Identify the fastest route to high ground from your home.

Take note of Tsunami Evacuation Route signs in your neighborhood

Tsunami warning sirens are now tested on Marine Corps bases across Okinawa every Friday at noon, make sure you and your family members know what they sound like! If you live out in town, check with your landlord for your city/ town's testing schedule.

Understand the different tsunami alerts:
TSUNAMI ADVISORY: An earthquake has occurred, which might generate a tsunami.
TSUNAMI WATCH: A tsunami was or may have been generated, but is at least two hours away. Prepare for possible evacuation if the watch is upgraded to a warning.
TSUNAMI WARNING: A tsunami was or may have been generated, which could cause damage. People in the warned area should evacuate the area.

On March 11th, 2011, a 9.0 earthquake created a tsunami wave that devastated miles of Japan's coastline. The waves from the tsunami reached 40 feet high in parts of the Iwate Prefecture, and traveled nearly 6 miles inland upon impact in Sendai. Over 15,000 were confirmed killed and more than 340,000 displaced. Located within the "Ring of Fire", Okinawa is susceptible to earthquakes, and therefore vulnerable to tsunamis.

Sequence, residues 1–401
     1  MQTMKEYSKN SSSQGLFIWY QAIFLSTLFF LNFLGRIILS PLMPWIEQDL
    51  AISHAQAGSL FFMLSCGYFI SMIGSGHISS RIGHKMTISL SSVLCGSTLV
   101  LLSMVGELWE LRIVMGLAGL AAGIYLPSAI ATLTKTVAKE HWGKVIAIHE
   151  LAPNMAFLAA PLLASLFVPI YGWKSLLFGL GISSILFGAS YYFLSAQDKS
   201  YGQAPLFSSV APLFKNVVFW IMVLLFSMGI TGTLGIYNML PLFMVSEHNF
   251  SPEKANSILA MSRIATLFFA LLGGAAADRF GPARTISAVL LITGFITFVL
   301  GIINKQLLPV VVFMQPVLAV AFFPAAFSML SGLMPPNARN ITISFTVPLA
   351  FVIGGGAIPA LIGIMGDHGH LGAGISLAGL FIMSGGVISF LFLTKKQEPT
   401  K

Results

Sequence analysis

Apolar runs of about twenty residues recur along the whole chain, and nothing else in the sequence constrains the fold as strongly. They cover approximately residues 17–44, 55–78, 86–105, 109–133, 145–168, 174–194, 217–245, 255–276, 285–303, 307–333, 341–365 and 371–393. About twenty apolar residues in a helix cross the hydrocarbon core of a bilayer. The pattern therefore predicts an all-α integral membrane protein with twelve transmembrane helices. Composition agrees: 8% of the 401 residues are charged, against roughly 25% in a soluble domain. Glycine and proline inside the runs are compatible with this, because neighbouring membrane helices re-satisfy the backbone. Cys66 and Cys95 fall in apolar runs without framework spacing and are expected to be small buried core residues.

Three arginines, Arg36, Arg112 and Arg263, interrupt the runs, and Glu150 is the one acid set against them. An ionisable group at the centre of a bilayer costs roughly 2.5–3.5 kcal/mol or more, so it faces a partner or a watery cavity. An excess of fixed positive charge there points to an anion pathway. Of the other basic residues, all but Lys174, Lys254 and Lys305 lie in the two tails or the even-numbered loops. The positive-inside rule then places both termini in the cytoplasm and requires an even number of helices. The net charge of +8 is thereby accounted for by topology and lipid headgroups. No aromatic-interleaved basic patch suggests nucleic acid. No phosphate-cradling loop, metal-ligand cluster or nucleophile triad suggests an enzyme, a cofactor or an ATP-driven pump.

Resources & References

Since 1771, the main island of Okinawa has only been hit by minor tsunamis without much effect, but this does not mean it will not happen in future, so you should always be ready.

Be Prepared

​DSN: 645-3800   Cell: 098-970-3800

Disaster Services

The word tsunami is composed of two kanji: tsu meaning harbor and nami meaning wave. Tsunamis are long period waves generated by an underwater earthquake or volcanic activity. Tsunamis can occur thousands of miles from their origin as the waves move at speeds up to 430 mph. The typical wavelength of tsunamis in deep water is in excess of 125 miles with a wave height of only a foot and a half.

The last major tsunami to impact the Okinawa Islands occurred in 1771 on the Yaeyama Islands (including Miyako and Ishigaki Island). The wave that hit Ishigaki was approximately 250 feet high and pushed seawater 1 mile inland - on all sides. The death toll was around 12,000 people amongst the impacted islands. The ensuing malaria epidemics and destruction of agriculture decimated the island population to a third of its original size.